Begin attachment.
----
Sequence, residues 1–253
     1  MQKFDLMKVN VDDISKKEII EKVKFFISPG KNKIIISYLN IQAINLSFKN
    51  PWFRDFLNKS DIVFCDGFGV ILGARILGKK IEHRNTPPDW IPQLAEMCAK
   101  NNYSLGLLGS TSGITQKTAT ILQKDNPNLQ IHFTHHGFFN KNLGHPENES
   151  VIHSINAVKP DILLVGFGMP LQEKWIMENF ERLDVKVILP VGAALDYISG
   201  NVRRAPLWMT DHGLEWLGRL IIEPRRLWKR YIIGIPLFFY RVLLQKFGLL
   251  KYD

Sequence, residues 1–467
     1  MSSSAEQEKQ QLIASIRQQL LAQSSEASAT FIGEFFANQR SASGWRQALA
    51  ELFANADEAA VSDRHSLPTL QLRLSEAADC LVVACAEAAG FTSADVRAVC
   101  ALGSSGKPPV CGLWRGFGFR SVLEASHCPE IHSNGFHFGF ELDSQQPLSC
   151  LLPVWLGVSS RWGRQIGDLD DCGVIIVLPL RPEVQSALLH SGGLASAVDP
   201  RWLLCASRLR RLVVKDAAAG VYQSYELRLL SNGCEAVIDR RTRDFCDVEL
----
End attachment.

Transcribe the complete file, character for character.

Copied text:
Sequence, residues 1–253
     1  MQKFDLMKVN VDDISKKEII EKVKFFISPG KNKIIISYLN IQAINLSFKN
    51  PWFRDFLNKS DIVFCDGFGV ILGARILGKK IEHRNTPPDW IPQLAEMCAK
   101  NNYSLGLLGS TSGITQKTAT ILQKDNPNLQ IHFTHHGFFN KNLGHPENES
   151  VIHSINAVKP DILLVGFGMP LQEKWIMENF ERLDVKVILP VGAALDYISG
   201  NVRRAPLWMT DHGLEWLGRL IIEPRRLWKR YIIGIPLFFY RVLLQKFGLL
   251  KYD

Sequence, residues 1–467
     1  MSSSAEQEKQ QLIASIRQQL LAQSSEASAT FIGEFFANQR SASGWRQALA
    51  ELFANADEAA VSDRHSLPTL QLRLSEAADC LVVACAEAAG FTSADVRAVC
   101  ALGSSGKPPV CGLWRGFGFR SVLEASHCPE IHSNGFHFGF ELDSQQPLSC
   151  LLPVWLGVSS RWGRQIGDLD DCGVIIVLPL RPEVQSALLH SGGLASAVDP
   201  RWLLCASRLR RLVVKDAAAG VYQSYELRLL SNGCEAVIDR RTRDFCDVEL